I knew today was going to be rough from the moment she got up. Where everything I did or didn’t do resulted in whining, crying, and dropping to the floor. Even though she slept a good eleven hours, she somehow woke up on the wrong side of the bed.
What you don’t know is that I am actually a therapist, a clinical social worker and that I have been trained in addressing these sorts of behaviors. So you would assume that with all this experience and background, my children would always behave perfectly and would personify the obedient, easy-going child, right? Wrong.
So when you saw my strong-willed ballerina throw herself to the ground, I put on my therapist hat and pulled out my bag of tricks. I tried an array of behavioral strategies in an attempt to get her out of the hallway and into the classroom with your kids.
I ignored her. I spoke to her gently. I gave her prompts and countdowns. I said, “first this, then that.” I tried positive reinforcement. I tried taking something away. I tried. And tried. She held her ground, and so did I. Barely.
I pulled her off of my leg so that I could step to the side. I needed a moment out of your view. I sucked in the air till I couldn’t anymore. I let it out through my clenched teeth hoping to release some of the frustration boiling inside. I diverted my attention to my 11-month-old, who was attached to my hip and starting to get antsy. I made small talk with him between my daughter’s intermittent outbursts even though he couldn’t talk back. I looked into his eyes and imagined he said, “It’s okay, mama.”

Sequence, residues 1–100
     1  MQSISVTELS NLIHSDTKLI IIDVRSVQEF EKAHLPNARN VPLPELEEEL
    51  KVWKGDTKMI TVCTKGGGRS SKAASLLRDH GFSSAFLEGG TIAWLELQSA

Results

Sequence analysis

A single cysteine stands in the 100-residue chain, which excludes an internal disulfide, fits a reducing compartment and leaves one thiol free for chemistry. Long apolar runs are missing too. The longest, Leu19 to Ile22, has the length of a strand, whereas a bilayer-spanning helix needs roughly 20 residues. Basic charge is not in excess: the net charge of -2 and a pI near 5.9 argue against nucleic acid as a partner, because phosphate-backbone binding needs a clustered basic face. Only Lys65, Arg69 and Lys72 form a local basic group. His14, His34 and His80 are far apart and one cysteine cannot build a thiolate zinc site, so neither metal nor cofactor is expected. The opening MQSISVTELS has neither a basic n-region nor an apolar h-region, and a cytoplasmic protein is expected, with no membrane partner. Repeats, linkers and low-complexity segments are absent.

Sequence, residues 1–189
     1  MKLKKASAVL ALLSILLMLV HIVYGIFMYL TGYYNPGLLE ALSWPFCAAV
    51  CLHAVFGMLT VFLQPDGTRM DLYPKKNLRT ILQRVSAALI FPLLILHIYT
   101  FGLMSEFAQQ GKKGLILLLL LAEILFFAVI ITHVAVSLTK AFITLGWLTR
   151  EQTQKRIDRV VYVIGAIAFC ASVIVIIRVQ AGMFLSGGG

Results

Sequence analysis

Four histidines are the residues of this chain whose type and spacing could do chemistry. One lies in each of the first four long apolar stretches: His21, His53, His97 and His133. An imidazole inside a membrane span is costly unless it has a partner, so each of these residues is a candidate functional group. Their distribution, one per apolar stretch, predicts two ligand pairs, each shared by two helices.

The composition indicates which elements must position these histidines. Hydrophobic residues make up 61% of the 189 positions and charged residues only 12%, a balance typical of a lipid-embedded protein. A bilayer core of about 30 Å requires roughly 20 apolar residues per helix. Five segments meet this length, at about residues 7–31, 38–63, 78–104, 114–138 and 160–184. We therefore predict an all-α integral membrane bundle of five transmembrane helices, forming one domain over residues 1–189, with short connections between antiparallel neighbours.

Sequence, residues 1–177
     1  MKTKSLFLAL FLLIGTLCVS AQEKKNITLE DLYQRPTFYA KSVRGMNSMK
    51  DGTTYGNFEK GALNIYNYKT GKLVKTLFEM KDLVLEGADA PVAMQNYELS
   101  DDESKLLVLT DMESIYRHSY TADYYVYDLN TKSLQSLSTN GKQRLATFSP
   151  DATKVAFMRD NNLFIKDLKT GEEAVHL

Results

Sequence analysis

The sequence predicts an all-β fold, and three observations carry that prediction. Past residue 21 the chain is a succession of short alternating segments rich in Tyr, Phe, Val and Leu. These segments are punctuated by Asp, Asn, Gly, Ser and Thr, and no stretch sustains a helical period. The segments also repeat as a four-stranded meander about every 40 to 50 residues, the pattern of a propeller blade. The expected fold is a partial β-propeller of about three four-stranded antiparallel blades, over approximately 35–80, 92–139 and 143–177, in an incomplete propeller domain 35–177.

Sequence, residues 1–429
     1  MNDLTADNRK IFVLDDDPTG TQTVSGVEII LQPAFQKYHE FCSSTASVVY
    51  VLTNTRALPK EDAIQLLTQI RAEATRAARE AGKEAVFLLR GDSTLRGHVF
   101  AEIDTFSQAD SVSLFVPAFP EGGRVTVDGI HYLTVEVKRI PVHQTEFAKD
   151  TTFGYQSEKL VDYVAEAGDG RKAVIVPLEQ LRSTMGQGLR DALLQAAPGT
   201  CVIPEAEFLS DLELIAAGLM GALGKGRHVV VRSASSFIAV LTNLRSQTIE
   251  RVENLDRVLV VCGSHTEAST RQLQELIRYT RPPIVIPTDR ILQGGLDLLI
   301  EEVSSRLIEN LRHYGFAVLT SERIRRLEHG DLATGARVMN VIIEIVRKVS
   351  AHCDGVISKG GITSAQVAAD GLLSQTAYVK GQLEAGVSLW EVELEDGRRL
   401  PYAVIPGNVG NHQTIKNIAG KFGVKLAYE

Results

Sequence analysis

Maybe you wondered why I didn’t pack up my things and head home right then and there. I know I had seen one of you do just that on an off day with your child. But I decided to stay because my child is a slow-to-warm-up kid. It takes her a while to get used to things. She loves to dance at home and asked to take lessons. I knew this was a new experience for her, and I wanted to give her the chance to really try it.
As the class started to wrap up, you and I both knew I wasn’t going to win this one. My time had run out—45 long, agonizing minutes.
I felt frustrated. I felt defeated. I felt judged even though you weren’t judging me because I was judging myself.
I packed up our belongings right as your children entered the waiting room with their smiles and stickers for class participation. I sheepishly apologized (again) and was out the door before you could respond.
As you could imagine, I was upset on the ride home. I gave them their lunch and put them down for their nap. I fell to the couch and reflected on the morning.
I tried to remind myself that all kids, including yours, have bad days. All children have meltdowns. All children throw tantrums. It is a given.
Children are impulsive. Children lack coping skills. Children struggle with managing their emotions and expressing their feelings. They test boundaries and are exploring their independence. They are learning how the world works.
I reminded myself that all of this behavior is developmentally appropriate and, quite honestly, healthy! And it is not just a reflection on parenting skills.
Yes, there are certain things we can do to minimize, shorten and prevent some of these behaviors, but when it comes down to it, sometimes it’s going to happen regardless of us or what we do.
There is no magic wand. There is no all-fixing strategy. We have to get creative. We do the best we can. And in all honesty, sometimes we have to ride out the wave and remind ourselves that this too shall pass.
It shall pass.